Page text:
The purpose of this paper is to analyze the impact of corruption on trade.
The authors estimate gravity equations with the last econometric advances on a wide sample of countries and years using three different measures of corruption. Two of them belong to the so-called perception-based indexes and the third is derived from a structural model that takes into account the causes and indicators of corruption across countries.
A negative effect of corruption on trade appears with perceptions, but it is not widespread. However, the authors find sensible evidence of the “grease the wheels” view with the structural index if low and middle income countries are implicated. Additionally, when using this measure, differences in corruption levels negatively impact trade. Both results are in line with expectations.
Moreover, membership in regional trade agreements does not seem to significantly alter these results.
This paper describes a comprehensive approach to examine how technological innovation contributes to the renewal of a firm’s competences through its dynamic and reciprocal…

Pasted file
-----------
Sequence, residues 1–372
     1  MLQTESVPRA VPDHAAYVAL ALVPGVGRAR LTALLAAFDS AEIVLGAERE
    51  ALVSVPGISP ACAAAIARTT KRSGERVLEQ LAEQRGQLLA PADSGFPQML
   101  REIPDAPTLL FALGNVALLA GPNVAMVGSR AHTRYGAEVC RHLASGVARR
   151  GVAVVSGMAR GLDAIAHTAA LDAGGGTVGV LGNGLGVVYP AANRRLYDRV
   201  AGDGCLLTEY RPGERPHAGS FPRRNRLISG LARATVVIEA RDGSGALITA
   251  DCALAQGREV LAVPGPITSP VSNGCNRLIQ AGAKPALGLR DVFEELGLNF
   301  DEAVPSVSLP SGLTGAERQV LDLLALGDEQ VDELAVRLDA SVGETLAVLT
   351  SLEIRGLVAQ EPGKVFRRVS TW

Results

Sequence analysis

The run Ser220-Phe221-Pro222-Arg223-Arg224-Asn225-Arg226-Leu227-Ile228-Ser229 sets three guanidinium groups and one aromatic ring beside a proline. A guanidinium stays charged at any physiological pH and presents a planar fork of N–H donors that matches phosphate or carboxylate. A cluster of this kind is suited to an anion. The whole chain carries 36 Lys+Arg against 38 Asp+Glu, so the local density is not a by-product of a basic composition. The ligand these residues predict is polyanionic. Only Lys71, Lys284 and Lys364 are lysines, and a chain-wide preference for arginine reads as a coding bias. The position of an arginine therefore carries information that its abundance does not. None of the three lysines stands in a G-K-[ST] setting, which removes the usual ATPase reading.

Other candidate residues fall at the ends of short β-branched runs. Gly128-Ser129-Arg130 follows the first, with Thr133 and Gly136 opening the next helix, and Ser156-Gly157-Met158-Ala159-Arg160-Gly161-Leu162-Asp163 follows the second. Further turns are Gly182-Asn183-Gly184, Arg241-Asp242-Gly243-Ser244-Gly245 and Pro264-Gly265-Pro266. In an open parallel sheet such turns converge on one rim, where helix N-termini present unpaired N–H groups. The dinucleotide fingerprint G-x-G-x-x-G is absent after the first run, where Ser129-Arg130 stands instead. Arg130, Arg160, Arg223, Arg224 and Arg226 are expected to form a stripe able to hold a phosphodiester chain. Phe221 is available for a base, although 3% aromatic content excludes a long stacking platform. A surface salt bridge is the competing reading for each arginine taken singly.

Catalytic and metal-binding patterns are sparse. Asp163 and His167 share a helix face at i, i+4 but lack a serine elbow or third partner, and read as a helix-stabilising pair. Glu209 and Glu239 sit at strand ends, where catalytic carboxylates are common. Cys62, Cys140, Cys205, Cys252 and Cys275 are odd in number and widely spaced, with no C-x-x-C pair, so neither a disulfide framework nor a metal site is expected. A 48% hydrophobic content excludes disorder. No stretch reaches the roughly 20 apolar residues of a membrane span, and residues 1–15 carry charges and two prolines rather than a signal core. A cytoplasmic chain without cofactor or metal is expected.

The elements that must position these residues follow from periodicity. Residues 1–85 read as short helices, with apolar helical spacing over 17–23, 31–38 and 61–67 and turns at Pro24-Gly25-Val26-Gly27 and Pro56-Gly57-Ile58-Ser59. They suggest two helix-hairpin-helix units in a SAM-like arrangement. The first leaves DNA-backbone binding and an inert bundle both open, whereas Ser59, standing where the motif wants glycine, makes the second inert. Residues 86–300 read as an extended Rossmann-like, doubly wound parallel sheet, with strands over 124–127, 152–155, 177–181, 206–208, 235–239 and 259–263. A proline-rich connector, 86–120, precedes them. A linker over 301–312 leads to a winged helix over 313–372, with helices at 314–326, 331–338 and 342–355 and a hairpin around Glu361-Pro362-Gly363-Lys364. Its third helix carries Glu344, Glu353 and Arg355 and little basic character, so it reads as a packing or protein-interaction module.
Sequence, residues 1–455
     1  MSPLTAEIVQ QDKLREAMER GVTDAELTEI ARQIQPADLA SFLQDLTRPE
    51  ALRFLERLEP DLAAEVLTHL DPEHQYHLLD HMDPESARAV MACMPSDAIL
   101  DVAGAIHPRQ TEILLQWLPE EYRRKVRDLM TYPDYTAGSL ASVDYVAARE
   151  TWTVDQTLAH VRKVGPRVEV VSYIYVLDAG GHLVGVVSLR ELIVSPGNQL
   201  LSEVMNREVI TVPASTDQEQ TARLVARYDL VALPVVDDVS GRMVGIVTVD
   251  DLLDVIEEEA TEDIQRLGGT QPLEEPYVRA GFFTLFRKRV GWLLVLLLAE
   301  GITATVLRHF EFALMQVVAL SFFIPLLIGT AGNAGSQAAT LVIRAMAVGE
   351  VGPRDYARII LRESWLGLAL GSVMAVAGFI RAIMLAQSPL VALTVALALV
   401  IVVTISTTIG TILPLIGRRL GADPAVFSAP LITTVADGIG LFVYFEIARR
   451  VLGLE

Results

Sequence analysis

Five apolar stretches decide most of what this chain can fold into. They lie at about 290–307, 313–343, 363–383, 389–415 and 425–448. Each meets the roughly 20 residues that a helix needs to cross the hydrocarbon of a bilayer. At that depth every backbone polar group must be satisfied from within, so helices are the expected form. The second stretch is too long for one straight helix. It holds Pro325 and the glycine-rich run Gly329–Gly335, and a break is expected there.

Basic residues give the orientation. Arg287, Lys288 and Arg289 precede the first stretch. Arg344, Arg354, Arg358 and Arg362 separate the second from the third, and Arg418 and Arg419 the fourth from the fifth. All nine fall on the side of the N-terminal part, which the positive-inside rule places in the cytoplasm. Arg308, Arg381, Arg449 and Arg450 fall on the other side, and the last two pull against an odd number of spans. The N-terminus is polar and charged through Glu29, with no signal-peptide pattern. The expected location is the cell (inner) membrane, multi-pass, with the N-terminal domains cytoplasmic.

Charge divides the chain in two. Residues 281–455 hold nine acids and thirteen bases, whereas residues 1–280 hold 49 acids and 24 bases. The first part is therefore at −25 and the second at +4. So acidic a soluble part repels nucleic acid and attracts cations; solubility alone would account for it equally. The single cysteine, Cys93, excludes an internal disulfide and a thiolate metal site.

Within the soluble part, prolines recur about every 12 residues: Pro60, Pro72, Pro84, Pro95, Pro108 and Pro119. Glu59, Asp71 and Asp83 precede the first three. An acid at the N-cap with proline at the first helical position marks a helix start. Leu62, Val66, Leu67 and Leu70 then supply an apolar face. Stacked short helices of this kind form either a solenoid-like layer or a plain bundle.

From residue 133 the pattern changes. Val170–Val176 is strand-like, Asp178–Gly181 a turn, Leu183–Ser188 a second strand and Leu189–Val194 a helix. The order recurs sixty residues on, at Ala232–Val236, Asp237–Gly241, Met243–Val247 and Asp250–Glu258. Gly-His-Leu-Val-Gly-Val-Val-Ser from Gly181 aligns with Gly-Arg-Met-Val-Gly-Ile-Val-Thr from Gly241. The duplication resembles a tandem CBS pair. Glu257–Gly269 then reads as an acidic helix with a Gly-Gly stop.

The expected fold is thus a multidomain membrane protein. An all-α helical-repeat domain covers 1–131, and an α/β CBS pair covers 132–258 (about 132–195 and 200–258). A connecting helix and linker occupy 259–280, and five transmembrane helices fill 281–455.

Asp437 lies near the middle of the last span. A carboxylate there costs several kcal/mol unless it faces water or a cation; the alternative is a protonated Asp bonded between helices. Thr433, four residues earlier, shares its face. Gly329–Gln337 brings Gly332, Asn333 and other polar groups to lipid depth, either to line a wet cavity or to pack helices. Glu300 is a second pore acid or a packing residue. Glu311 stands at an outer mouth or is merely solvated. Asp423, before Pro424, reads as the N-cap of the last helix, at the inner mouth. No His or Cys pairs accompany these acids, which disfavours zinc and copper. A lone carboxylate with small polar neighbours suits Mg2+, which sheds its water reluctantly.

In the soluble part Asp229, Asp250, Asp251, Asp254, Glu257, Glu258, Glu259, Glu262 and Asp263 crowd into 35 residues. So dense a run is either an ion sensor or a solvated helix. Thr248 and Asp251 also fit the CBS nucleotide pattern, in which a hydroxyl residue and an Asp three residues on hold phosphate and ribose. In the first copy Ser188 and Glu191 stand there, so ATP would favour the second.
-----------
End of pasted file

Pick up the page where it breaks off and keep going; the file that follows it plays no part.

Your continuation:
This paper describes a comprehensive approach to examine how technological innovation contributes to the renewal of a firm’s competences through its dynamic and reciprocal relationship with R&D and product commercialization. Three theories of technology and innovation (the R&D and technological knowledge concept, product‐process concept, technological interdependence concept) are used to relate technology and innovation to strategic management. Based on these theories, this paper attempts to identify the dynamic relationship between product innovation and process innovation using system dynamics by investigating that aspect of the dynamic changes in the closed feedback circulation structure in which R&D investments drive the accumulation of technological knowledge.